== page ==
Beginning on April 14, 2003, ambulance service providers will be required to provide notice of their privacy practices to patients. The following information and document links provides information that you can use to provide patients with the privacy practices of your operation and, if necessary, to obtain their signature acknowledging that they have reviewed the notice. These documents will meet the privacy notice requirements of HIPAA.
For non-emergency trips, privacy notices must be given to patients. The provider must make a good faith attempt to obtain a signed acknowledgement from the patient, and if unable to do so, the provider must keep a written record of the attempt and the reason why the acknowledgement was not obtained (e.g., patient was unconscious or in an agitated mental state).
In emergency situations, the provider is required to provide notice to the individual as soon as practicable after the patient is stable. The requirement for making a good faith effort to obtain a written acknowledgement does not apply in emergency situations. In an emergency situation, you need only keep a record of how the privacy notice was given to the individual. It may be practical in your operation to have an arrangement with the hospital to have the notice given to the patient as part of the facility's HIPAA privacy notice requirements.
Page, Wolfberg & Wirth, LLC
Final Modifications to the HIPAA Privacy Rule
Ambulance Industry Overview
August 12, 2002
The Department of Health and Human Services (DHHS) has released the final modifications to the HIPAA Privacy Rule. This means that the regulations are now completed and in place for the April 14, 2003 compliance deadline. The final regulations contain many significant changes. Although the final regulations contain many positive changes for the ambulance industry, HIPAA compliance will continue to be a multi-faceted challenge for ambulance services.
The April 14, 2003 compliance deadline remains in place, and ambulance services are still included as “covered entities” under the Privacy Rule
Some of the most significant changes to the regulations include:
Consent. The most significant changes to the Privacy Rule affecting ambulance services are those dealing with consent. Ambulance services and other covered entities will no longer be required to obtain signed consent forms to use a patient’s Protected Health Information (PHI) for purposes of treatment, payment or health care operations. Consent forms will be optional under the final regulations.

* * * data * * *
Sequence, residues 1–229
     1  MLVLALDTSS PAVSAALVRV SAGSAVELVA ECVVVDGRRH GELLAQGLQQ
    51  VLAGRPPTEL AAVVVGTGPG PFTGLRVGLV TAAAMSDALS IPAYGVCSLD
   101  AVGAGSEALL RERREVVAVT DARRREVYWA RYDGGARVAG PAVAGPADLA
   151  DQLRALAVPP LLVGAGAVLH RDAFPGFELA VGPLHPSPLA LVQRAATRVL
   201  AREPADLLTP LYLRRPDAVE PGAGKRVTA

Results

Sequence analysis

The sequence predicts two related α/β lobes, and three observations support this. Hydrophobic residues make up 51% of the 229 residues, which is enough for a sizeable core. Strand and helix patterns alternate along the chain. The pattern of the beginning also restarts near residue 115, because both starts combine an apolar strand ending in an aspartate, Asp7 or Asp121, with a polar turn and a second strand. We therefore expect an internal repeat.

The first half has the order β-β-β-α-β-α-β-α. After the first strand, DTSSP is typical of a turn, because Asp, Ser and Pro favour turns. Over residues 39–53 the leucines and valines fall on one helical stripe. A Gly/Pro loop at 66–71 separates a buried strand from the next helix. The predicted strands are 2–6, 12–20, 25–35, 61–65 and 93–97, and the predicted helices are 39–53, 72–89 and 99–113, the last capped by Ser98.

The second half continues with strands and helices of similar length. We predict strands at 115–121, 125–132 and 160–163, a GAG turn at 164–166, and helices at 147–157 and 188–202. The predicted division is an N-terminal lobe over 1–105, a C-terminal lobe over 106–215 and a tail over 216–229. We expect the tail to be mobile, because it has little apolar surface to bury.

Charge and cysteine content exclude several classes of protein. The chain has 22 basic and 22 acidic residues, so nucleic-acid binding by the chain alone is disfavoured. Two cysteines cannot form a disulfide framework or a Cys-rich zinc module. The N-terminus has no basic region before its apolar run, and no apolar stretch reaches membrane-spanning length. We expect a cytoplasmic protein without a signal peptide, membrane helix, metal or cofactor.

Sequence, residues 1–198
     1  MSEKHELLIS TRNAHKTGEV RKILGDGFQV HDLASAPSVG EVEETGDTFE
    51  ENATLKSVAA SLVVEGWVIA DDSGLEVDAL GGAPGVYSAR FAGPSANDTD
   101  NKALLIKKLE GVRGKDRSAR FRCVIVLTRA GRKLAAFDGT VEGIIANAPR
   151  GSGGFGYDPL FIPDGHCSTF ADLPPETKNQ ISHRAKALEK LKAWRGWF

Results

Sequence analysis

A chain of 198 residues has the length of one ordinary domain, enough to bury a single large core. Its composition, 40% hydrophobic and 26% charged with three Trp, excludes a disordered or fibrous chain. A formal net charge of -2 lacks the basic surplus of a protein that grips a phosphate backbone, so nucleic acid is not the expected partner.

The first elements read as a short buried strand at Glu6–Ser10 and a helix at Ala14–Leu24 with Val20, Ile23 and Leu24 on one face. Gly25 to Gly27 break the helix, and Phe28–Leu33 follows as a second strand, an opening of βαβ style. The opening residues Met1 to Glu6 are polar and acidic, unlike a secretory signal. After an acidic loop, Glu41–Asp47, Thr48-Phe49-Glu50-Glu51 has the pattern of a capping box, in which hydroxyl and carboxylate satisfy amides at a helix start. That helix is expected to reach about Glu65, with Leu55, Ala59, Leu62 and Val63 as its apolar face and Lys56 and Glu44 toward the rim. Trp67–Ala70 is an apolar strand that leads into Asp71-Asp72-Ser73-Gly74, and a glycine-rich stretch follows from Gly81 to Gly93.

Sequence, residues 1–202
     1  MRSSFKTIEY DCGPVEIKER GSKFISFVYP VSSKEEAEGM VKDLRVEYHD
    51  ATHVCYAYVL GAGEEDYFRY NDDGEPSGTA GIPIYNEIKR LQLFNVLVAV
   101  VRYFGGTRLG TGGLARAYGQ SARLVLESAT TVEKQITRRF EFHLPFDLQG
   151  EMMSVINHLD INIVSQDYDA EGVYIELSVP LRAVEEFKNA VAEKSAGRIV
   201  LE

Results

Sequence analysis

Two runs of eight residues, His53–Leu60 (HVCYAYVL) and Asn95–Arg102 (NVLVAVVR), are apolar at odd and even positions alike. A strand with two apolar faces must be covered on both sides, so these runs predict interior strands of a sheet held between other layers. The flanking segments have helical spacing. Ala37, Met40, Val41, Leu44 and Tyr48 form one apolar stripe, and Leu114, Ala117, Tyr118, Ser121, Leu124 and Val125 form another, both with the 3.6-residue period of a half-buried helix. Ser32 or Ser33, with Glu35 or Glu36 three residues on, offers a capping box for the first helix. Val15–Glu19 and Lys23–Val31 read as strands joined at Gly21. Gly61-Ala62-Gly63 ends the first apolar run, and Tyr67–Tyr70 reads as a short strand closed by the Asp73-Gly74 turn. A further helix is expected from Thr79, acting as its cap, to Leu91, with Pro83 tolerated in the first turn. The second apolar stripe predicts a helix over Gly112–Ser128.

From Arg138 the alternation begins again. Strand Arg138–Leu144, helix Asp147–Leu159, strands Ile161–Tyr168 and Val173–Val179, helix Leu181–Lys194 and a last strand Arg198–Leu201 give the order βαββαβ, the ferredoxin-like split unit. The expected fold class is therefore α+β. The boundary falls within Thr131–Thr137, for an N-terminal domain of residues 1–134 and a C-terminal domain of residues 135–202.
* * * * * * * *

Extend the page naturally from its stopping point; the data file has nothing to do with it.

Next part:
Disclosure for Treatment, Payment, or Health Care Operations of Another Entity. One of the most significant, positive changes for the ambulance industry is that covered entities can disclose protected health information for the treatment and payment activities of another covered entity or a health care provider, and for certain health care operations of another entity. This means that hospitals will be able to give “face sheets” and other patient information to ambulance services for billing purposes without HIPAA barriers.
Notice. The Rule requires ambulance services and other covered entities to provide patients with notice of the patient's privacy rights and the privacy practices of the covered entity. While the consent requirement has been relaxed, the notice requirement has been considerably strengthened, and now requires ambulance services and other covered entities to make a good faith effort to obtain patient's written acknowledgement of the notice of privacy rights and practices. There are exceptions that apply in emergency situations, but the general rule is that providers must obtain written acknowledgment of the patient’s receipt of the Notice of Privacy Practices.
Incidental Use and Disclosure. The final Rule acknowledges that uses or disclosures that are incidental to an otherwise permitted use or disclosure may occur. Such incidental uses or disclosures are not considered a violation of the Rule provided that the covered entity has met the reasonable safeguards and minimum necessary requirements. For example, if these requirements are met, hospitals may keep patient charts at bedside and providers can have discussions about the patient’s care without fear of violating the rule if overheard by a passerby.